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Bulgarian, Romanian & Czech current-account gaps widened

Bulgaria’s current-account deficit widened to 12%, the Czech gap widened in August to the biggest monthly gap in three years, Romania’s current-account deficit widened in the first eight months of 2007.

Bulgaria’s current-account deficit widened to 12% of GDP at the end of August from 7.5% a year ago as imports surged. The monthly deficit widened to €160.7 million ($227 million) in August from €87 million a year ago as imports were double that of exports, the Sofia-based central bank said on its Web site today. The seven-month current-account gap reached €3.3 billion compared with €1.6 billion a year ago.

Romania’s current-account deficit widened in the first eight months of 2007 from the same period last year as the country’s entry to the EU and a stronger currency increased imports. The deficit widened to €10.23 billion ($14.6 billion) from €5.47 billion a year earlier, the central bank said in an e-mailed statement today. In August, the deficit widened by €1.26 billion and by €1.16 billion in July. „The deficit this year will be humongous,” said Florin Citu, deputy head of financial markets at ING Bank in Bucharest. „The question is whether this will be worked out gradually or by a sudden drop in the leu and a drop in economic growth. If I were a betting man, I would go for the latter.” The International Monetary Fund warned the government last month to rein in the current account deficit because it’s making the leu „more and more vulnerable” to developments abroad, including growing investor reluctance to invest in riskier assets. Romania eliminated tariffs on imports from EU countries when it joined the bloc on Jan. 1. Imports have also become cheaper as investment from Europe strengthened the leu. Lower taxes, higher wages and an increase in loans also gave Romanians more cash to buy imports. The leu has gained almost 5% against the euro and 16% against the dollar in the past year. Romania’s trade deficit, the major component of the current- account gap, widened in the first eight months of the year to €10.86 billion, from €6.43 billion in the same period of last year, the central bank said. Money transfers to Romania, mostly by citizens sending money home from abroad, rose to €3.49 billion in the period from €2.77 billion a year earlier. The central bank also said foreign direct investment in the first eight months of the year fell to €4.06 billion from €4.3 billion in the same period last year. Long-term foreign debt rose 19% at the end of August from December 31 to €33.9 billion, the central bank said.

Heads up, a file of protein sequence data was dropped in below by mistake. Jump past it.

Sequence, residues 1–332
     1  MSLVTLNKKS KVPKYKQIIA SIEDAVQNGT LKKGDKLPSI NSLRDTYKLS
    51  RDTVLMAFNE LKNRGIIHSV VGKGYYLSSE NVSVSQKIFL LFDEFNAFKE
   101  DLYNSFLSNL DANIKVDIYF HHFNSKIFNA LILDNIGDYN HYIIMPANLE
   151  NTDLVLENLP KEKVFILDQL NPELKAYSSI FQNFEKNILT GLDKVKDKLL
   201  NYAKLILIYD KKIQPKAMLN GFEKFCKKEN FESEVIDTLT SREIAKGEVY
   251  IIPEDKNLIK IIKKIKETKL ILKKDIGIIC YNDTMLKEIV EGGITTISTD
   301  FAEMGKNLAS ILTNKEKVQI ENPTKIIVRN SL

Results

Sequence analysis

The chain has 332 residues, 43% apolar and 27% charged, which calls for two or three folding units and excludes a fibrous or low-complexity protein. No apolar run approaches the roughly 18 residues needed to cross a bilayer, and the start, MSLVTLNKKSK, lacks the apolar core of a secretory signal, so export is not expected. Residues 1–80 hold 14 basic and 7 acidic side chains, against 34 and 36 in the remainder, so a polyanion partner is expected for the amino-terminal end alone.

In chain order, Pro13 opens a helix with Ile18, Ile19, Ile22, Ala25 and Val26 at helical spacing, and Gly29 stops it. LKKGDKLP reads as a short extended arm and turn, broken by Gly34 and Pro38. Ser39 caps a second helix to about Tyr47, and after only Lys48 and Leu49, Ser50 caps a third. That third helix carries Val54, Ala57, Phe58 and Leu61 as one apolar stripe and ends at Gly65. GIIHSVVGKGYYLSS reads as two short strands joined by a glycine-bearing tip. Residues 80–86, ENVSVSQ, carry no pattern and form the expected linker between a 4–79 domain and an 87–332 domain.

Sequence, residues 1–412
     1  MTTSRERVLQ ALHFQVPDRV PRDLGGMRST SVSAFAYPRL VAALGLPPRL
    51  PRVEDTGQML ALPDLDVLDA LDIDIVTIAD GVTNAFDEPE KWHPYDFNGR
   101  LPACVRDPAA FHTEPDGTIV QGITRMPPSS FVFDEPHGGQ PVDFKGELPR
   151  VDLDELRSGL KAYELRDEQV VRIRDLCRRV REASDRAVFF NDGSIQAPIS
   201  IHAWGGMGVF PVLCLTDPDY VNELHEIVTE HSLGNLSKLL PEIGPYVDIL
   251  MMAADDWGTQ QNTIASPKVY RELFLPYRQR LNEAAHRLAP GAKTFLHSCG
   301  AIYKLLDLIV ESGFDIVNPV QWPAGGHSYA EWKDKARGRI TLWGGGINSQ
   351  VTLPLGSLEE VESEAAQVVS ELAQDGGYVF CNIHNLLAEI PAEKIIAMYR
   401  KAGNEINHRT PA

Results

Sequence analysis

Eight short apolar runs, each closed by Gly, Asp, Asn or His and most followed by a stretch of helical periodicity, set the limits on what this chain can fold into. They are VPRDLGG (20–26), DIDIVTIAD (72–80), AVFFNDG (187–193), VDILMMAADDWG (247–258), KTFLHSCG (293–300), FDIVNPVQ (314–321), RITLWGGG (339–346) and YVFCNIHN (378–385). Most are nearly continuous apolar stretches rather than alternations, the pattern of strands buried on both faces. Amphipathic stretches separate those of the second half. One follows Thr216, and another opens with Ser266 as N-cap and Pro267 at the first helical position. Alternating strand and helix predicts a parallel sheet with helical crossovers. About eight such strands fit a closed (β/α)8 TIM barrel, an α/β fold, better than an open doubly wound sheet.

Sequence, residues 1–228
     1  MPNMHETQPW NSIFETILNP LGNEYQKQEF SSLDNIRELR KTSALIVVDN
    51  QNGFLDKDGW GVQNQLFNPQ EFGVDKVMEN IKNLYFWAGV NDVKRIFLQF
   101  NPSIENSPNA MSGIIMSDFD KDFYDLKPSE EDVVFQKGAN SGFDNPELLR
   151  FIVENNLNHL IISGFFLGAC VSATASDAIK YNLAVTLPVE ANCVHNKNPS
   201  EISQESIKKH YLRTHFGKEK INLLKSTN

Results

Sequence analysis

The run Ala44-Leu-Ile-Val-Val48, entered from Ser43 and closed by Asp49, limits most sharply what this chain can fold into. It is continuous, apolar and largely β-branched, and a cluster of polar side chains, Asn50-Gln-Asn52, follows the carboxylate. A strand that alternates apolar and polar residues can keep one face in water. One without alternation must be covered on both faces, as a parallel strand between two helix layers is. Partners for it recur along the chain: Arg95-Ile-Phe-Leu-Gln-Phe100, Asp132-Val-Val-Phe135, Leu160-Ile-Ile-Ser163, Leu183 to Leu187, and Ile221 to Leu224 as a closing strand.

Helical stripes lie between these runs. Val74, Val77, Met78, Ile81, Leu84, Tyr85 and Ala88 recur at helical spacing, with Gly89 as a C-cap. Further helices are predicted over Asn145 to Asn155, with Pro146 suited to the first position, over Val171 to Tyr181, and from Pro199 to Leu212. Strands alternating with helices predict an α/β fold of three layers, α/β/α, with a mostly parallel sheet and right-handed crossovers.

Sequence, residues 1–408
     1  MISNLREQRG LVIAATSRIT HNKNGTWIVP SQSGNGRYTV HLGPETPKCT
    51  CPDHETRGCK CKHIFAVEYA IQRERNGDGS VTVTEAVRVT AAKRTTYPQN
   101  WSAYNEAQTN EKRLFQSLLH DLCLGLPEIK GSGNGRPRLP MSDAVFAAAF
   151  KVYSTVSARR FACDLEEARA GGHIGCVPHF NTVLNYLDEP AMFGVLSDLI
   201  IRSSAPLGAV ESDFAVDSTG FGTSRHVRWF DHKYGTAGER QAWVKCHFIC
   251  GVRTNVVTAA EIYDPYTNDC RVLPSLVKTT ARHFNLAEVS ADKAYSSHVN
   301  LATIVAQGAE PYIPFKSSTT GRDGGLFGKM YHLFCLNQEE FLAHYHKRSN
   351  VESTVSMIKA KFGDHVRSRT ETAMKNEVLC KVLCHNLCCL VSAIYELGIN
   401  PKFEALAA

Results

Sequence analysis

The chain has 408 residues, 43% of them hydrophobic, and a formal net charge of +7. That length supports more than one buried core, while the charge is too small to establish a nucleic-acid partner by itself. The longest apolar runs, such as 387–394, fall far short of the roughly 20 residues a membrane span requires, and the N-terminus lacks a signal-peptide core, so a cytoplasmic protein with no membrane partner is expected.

The Czech Republic’s current account deficit widened in August to the biggest monthly gap in three years, the Czech National Bank said. The shortfall amounted to 32.7 billion koruna ($1.7 billion), compared with a gap of 8.8 billion koruna in July and a 12.9 billion-koruna deficit in June, the central bank said on its Web site today. The figure is bigger than the median estimate of 12 economists for a 9 billion-koruna deficit. (Bg)